Liz Gannes

Recent Posts by Liz Gannes

Competitors Build a Tool to Add Their Content Back Into Google Search

Google’s recent move to promote its own social network on its search engine wasn’t popular with its competitors. Now some engineers from Facebook and other social media sites are fighting back. They’re out to prove that Google can do better — using Google’s own algorithms.

Nerd fight!

Blake Ross

A weekend coding effort, led by Facebook rabble-rouser Blake Ross, gave birth to a browser bookmarklet called “don’t be evil” that rewrites Google’s personalized search results to include content from other social networks. (Ross’s official title is Director of Product, and he was previously a co-founder of Firefox.)

Ross said engineers from Twitter and Myspace also helped out with the bookmarklet, but he didn’t name them. The group launched a Web site today, at focusontheuser.org.

This gets slightly complicated, but you can install the bookmarklet yourself in Chrome, Firefox and Safari, or watch a video about how it works. After you do a normal Google search with personalized results turned on, you can click on the bookmarklet to get an updated version of the results that includes links to Flickr, Twitter, Facebook, LinkedIn, Myspace, Quora, Tumblr, Foursquare, CrunchBase, FriendFeed, Stack Overflow, GitHub and Google+.

I ran into a bunch of hiccups when I tried the bookmarklet out in Chrome, but it worked pretty smoothly in Firefox.

Here’s the background: A couple of weeks ago, when it launched “Search plus Your World” by default for English-language users, Google said that other social networks like Facebook and Twitter don’t let it crawl deeply enough to provide “secure and consistent access” to their users’ private content. So, SPYW could, for the most part, only include Google+ content.

That’s a bit of a ruse, because there’s lots of public content from social networks that Google already indexes. It’s not hard to find Twitter handles and LinkedIn profiles in Google search results. When SPYW launched, Twitter loudly called foul, and people at Facebook complained more quietly.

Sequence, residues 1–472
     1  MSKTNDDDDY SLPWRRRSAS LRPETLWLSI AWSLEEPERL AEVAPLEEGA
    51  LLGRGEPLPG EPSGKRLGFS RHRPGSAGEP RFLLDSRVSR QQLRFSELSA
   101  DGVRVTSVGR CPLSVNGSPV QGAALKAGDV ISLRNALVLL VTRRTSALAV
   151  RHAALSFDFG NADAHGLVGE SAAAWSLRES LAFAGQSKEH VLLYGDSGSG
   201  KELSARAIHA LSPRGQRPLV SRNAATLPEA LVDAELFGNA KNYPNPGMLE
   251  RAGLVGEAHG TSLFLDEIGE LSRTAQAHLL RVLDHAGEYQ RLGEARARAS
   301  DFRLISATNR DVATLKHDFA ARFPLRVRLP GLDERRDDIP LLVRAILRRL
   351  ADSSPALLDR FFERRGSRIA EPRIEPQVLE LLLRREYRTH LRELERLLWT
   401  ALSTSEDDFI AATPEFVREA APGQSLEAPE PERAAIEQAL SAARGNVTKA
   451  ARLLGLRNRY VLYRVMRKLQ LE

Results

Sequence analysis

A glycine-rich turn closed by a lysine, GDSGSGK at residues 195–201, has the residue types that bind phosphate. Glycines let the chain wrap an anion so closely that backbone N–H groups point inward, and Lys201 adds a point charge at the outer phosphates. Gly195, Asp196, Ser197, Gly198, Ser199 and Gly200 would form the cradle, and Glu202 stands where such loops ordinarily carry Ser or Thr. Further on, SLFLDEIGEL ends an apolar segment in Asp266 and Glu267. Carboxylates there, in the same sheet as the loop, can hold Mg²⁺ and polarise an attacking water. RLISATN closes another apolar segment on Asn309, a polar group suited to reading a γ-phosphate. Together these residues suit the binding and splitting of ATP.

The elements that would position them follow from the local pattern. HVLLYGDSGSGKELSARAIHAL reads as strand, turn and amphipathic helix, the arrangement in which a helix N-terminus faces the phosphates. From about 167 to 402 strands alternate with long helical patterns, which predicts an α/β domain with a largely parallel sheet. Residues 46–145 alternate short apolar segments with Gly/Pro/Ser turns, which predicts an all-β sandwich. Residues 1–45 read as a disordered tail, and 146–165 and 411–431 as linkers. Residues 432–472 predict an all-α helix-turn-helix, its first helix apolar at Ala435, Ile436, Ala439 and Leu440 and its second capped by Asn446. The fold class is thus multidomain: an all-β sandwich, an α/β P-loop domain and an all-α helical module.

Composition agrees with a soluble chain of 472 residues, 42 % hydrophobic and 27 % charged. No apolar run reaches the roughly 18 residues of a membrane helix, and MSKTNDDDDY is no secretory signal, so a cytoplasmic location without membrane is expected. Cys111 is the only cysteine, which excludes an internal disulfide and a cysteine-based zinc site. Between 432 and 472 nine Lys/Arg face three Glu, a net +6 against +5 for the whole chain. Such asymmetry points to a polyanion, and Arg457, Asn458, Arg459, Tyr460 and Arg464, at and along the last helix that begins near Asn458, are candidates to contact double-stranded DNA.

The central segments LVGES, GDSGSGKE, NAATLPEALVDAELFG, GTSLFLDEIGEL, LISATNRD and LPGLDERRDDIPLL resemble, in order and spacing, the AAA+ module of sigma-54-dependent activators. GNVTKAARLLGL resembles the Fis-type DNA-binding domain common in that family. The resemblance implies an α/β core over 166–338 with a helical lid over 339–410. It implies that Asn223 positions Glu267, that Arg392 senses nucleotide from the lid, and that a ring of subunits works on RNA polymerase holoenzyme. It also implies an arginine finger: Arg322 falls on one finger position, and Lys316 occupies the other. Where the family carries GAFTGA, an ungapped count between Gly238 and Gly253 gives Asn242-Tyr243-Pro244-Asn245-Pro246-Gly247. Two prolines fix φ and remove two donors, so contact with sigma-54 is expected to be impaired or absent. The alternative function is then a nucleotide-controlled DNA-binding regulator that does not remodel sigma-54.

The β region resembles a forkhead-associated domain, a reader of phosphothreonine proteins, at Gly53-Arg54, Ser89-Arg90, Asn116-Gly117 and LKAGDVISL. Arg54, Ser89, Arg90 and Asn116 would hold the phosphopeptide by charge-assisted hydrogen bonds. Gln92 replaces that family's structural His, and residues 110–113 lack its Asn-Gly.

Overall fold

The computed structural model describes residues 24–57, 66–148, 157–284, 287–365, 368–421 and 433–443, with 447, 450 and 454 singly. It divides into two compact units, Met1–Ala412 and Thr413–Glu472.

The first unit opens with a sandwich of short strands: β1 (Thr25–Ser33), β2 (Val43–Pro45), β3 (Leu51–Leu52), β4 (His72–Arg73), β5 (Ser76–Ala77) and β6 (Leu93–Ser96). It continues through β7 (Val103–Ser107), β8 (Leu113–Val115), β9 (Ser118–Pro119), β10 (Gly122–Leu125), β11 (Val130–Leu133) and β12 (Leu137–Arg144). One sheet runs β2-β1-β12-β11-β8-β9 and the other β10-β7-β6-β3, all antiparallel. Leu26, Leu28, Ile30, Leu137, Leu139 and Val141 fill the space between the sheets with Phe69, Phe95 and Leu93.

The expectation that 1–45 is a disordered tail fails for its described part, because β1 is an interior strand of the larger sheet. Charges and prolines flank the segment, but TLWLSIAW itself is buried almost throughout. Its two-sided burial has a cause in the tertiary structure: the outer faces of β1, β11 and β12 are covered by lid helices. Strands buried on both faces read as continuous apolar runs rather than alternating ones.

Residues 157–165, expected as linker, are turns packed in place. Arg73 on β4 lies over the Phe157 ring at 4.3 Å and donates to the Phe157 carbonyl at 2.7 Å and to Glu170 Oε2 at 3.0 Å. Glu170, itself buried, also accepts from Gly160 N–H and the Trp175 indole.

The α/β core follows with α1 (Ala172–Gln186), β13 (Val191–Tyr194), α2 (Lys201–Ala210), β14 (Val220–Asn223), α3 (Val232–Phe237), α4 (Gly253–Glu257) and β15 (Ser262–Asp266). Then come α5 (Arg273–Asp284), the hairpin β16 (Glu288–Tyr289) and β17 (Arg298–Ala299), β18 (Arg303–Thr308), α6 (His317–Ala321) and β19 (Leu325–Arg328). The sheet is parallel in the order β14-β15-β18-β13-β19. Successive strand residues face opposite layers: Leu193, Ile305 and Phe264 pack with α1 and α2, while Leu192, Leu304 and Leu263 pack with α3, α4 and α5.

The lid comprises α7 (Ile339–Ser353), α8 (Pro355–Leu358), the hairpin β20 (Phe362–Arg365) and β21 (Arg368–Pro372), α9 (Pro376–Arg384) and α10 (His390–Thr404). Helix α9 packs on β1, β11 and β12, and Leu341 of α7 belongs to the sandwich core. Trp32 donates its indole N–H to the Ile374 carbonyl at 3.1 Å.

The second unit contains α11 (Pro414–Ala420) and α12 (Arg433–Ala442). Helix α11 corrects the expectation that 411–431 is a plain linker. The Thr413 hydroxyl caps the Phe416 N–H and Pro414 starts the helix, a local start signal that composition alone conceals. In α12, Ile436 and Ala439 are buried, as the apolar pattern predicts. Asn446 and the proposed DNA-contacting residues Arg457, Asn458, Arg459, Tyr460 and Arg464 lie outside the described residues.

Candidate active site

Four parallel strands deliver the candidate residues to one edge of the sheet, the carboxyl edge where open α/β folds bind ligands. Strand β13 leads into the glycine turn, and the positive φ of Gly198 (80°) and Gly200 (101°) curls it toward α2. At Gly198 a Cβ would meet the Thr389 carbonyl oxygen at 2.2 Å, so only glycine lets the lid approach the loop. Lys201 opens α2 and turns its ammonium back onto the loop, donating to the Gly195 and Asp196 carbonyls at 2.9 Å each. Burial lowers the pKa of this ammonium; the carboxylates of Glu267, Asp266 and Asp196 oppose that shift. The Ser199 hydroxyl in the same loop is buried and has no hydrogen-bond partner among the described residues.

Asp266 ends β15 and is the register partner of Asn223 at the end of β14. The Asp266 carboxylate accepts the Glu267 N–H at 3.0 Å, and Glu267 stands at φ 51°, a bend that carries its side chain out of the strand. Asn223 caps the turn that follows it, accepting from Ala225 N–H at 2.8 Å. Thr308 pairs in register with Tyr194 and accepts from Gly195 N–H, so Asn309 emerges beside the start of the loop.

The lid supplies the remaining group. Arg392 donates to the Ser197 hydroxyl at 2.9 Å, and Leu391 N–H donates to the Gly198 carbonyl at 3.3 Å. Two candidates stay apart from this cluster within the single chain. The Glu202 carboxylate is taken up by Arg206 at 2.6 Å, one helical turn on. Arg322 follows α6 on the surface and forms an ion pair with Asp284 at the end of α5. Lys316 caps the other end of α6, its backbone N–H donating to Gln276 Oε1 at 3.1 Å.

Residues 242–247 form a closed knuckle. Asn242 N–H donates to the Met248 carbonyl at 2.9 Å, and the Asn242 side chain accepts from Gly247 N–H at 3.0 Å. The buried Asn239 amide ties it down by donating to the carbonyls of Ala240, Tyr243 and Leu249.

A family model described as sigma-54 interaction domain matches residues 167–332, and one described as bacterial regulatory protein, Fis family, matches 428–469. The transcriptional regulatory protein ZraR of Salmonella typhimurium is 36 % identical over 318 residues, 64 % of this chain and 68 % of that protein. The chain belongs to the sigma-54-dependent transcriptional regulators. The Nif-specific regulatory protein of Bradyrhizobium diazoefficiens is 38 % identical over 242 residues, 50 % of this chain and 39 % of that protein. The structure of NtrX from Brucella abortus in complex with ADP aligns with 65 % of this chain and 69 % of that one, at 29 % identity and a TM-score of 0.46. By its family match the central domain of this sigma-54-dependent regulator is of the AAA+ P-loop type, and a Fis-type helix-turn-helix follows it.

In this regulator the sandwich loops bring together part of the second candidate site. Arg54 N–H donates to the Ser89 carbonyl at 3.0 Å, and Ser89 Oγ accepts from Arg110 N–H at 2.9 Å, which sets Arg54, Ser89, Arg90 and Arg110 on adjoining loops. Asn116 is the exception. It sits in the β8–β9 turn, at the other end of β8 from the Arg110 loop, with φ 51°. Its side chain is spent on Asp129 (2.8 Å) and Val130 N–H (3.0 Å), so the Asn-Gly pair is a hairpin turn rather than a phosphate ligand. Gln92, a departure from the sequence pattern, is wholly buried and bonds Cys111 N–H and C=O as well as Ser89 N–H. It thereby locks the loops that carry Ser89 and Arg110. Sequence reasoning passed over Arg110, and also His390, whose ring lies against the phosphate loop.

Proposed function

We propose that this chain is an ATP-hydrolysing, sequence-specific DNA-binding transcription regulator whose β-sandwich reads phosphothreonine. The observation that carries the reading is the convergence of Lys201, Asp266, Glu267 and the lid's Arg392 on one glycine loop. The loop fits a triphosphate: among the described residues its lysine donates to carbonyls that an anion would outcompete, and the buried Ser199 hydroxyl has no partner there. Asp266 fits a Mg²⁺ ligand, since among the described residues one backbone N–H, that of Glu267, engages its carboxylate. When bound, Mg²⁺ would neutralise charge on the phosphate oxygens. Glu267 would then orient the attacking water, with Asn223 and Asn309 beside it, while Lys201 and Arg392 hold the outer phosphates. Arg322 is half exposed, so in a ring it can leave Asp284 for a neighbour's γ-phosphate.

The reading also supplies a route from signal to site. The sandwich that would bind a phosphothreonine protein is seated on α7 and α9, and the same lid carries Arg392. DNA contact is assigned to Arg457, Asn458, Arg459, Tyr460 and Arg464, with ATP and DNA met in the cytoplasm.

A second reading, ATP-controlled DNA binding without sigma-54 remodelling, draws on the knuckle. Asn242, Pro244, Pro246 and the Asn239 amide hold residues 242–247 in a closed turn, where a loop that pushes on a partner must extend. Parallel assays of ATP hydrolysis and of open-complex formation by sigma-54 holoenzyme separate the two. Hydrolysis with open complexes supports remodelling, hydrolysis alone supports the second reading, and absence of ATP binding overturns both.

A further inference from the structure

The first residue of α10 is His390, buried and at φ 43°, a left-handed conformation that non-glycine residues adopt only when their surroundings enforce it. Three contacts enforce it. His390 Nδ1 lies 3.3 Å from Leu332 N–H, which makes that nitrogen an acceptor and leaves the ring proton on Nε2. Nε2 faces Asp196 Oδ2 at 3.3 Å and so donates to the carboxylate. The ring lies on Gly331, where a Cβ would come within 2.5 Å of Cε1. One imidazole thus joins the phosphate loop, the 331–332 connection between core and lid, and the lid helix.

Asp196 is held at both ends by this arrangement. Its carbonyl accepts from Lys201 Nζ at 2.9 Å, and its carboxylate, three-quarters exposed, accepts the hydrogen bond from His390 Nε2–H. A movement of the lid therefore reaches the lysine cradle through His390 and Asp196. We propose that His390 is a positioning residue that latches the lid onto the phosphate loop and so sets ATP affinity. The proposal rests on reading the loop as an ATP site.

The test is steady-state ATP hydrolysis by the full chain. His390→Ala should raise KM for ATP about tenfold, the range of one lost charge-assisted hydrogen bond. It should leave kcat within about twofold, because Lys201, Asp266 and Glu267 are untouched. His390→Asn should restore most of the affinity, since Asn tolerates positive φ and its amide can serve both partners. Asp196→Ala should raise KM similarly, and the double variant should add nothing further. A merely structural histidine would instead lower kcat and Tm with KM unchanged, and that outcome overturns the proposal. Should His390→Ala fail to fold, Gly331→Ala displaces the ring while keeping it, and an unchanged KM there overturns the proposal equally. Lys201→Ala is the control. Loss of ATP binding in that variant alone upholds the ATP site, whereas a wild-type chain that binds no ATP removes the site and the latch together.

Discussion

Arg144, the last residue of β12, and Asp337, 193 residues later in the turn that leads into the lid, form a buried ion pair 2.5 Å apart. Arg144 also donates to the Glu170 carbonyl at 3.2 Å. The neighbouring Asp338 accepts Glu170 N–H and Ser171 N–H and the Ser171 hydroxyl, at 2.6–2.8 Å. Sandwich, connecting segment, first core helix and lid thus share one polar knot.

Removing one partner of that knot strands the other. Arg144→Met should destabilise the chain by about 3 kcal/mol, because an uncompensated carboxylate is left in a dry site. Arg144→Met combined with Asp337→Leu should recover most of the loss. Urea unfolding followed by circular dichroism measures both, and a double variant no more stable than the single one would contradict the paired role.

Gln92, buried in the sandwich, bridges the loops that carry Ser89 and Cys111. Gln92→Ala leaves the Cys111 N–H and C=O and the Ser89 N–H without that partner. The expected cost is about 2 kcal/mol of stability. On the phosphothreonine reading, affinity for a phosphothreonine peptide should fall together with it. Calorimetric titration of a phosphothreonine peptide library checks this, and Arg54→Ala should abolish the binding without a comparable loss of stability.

The thing is, SPYW doesn’t just give preference to private Google+ content in personalized search results. It also actively promotes Google+ profiles and other public content in various locations throughout the search page.

Google+ profiles — but not content from any other social network — now show up in a new “People and Pages” box that sometimes appears in place of ads on the right side of Google’s search-results page, as a type-ahead suggested query within the search box, and interspersed high up in search results for many brands.

Ross and his buddies used Google’s own organic search results and “Rich Snippets” tool to find the social network content that Google already indexes and ranks normally. The bookmarklet then integrates those diverse results into places where Google+ content is exclusively promoted.

This was an independent and unofficial effort, but Facebook is hardly disavowing it. In fact, a Facebook spokesman praised Ross’s voice-over talent (that’s him speaking in the video) in an email to AllThingsD.

While this feistiness makes for a fun story, the moral high ground might be a dangerous spot for Ross to claim.

Facebook notoriously hoards its members’ friend graphs and user emails, doling out access only to partners that it doesn’t see as direct competitors. Users who wish to remove and transport their data to another service are stifled at every turn.

Further, Facebook limits access to search engines, having required Microsoft’s Bing to sign a deal to access content that’s mostly public already. And it’s not like the company provides its own democratic search engine to compete with Google.

(Photo credit: Flickr user StampyTurtle)

Please see the disclosure about Facebook in my ethics statement.


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When AllThingsD began, we told readers we were aiming to present a fusion of new-media timeliness and energy with old-media standards for quality and ethics. And we hope you agree that we’ve done that.

— Kara Swisher and Walt Mossberg, in their farewell D post